Yet some private banking critics believe the modern trend is for the super-wealthy to make their own decisions on investments, with relatively little recourse to professional advisers of any kind. Treyz believes that private banks that try to "be all things to all people" are not doing themselves any favours. By all, she means retail, affluent, high- and ultra-high net worth clients.  It's a classic case of Jack-of-all-trades, master of none. "You often can wind up with a service that is either too tailored and expensive for less wealthy clients or too narrow and product-focused to meet the complex needs of very wealthy families," she says.

That jives with wider opinion from banking critics. In a recent report on private banking, Ruwan Weerasekera, a partner at management consultant Accenture, said: "A lot of wealth management providers were offering a wide range of different services to customers, but these were not necessarily better services that had been offered before. This meant that when markets started performing badly and institutions were losing money that these services were the first to go."

With the super rich becoming increasingly wealthy, private banks are competing for the business of a growing number of potential clients. JP Morgan Private Bank recently marked the 100th anniversary of a relationship with a particular family. Treyz says her organisation is one of the only private banks that has always focused exclusively on the ultra high net worth market and has catered to the needs of that specific group since the days of John Pierpont Morgan – the banking and art collecting figure who worked with the family dynasties behind the railroad and steel fortunes in the US. Meanwhile, Coutts & Co, the 300-year old UK private bank, has a long-standing relationship with its most exclusive client, the British royal family.

Coutts, which is now part of RBS/Natwest, is aggressively trying to expand its business. Having spun off its merchant banking activities, London-based Singer & Friedlander has identified asset management as its core business. By contrast, Rothschild sold its asset management business to Insight Investments and brought fund management back into the private client division.

Moving trends
Meanwhile, the growth in alterative investments is one reason why private banks in the US are getting bigger. The leading private banks there are trying to position themselves as guides to the hitherto unregulated, often bewildering world of hedge funds, sifting through thousands of offerings from outside firms, thereby adopting a so-called open-architecture model. Many have begun offering their own products – typically funds of hedge funds. The irony is that alternative investments, which can include foreign currency and commodities, are now mainstream. They are popular too. By 2003 European investors had more than doubled their average strategic allocations to hedge funds. Why? Wealthy clients in Europe, Asia, Latin America and the Middle East found hedge funds and structured products a canny strategy, netting average returns of 19%. That same year, alternative investments accounted for 13% of holdings among the super rich, up from 10% a year earlier, according to Merrill Lynch/Capgemini.

Shifts in asset allocation strategies aside, the greatest challenge for private banks going forward may well be matching financial wits with their rising number of well-heeled and well-read clients. The good news is that they are in better shape. Pre-tax profits in the sector rose an average 46.8% on a global scale in the first half of 2004. Having tinkered with their business models and cut costs, the banks are now more efficient, say experts familiar with the sector. But it has been their agility in converting recent increases in assets under management (AUM) into profits that has impressed some. Higher AUM levels, says Scorpio Partnership, reflect the growth in the equity markets over the past year and, to varying degrees, the net new money received from existing and new clients.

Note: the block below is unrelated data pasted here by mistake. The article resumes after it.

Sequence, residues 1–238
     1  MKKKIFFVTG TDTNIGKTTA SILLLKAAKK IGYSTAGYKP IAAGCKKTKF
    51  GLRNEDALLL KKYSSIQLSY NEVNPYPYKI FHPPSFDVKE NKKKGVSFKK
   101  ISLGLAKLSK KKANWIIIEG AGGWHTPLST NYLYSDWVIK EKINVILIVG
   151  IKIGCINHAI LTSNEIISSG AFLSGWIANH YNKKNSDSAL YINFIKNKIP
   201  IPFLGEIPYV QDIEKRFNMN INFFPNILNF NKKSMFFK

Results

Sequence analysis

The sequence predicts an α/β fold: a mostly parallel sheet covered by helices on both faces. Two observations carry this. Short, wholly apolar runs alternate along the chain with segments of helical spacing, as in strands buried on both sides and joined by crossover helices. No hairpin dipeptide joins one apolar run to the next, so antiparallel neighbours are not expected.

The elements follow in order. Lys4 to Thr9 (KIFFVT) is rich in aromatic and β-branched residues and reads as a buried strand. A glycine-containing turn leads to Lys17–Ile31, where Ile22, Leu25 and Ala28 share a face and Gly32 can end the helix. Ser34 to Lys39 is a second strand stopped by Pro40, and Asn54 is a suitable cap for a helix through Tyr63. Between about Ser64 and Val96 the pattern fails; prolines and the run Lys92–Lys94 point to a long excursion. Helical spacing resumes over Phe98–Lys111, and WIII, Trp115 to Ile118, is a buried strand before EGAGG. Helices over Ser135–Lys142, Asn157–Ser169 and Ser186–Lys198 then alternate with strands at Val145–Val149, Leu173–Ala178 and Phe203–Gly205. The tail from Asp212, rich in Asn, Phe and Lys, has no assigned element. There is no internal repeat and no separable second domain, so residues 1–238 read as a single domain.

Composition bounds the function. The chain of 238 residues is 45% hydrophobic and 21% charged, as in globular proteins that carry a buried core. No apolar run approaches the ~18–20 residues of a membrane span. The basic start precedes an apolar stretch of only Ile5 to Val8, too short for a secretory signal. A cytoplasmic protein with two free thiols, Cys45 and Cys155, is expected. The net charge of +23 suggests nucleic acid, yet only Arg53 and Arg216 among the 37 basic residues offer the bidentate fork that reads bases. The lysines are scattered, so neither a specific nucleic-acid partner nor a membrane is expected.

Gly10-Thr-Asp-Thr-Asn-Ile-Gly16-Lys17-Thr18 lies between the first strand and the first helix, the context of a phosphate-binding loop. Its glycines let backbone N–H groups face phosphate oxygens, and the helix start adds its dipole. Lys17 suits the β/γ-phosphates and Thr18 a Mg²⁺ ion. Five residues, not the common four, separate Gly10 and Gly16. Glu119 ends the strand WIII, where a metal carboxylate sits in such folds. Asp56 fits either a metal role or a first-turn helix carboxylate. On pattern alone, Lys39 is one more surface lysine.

With equities rising to 35% of all holdings (up from 20% in 2002) the super-wealthy were among the first to shift their focus from low-yielding fixed-income securities and back into stock markets. And just what kind of tips are the well-heeled getting? JP Morgan Private Bank, for one, put the word out as early as February 2003 that it was time to get back into stocks. The call proved prescient; the Standard & Poor's Global 1200 index has moved up 50% since.

First class service
Private clients can still expect the red-carpet treatment from their banks. The decline in total private banking personnel is over and the number of client-facing employees has increased by 7%. This, says Scorpio Partnership, reflects the selective pattern of hiring that the industry has adopted, a strategy it believes could also lead to an influx of 'quality new assets'. "Private banks are once again staffing up to gather new assets," says Sebastian Dovey, managing partner at the research group. "Unlike the late 1990s, the emphasis will now be on quality distribution and the assets should be stickier. This is because the increasing adoption of open architecture (where a bank deviates from its own brand for appropriate investment products) combined with better mid- and back-office processes, means private banking clients are getting what they need, not what the banks think they want."

Perhaps the private banks can turn to Clemens, who has an intimate understanding of people with bulging wallets. Those with high levels of liquid assets, he says, tend to be old and have spent a fair bit of time in senior level business positions. So are they better positioned to advise themselves than their private bankers? "That is probably what they believe, but that is probably not true," he says with a flourish. "I don't actually think that most wealthy people are particularly canny investors."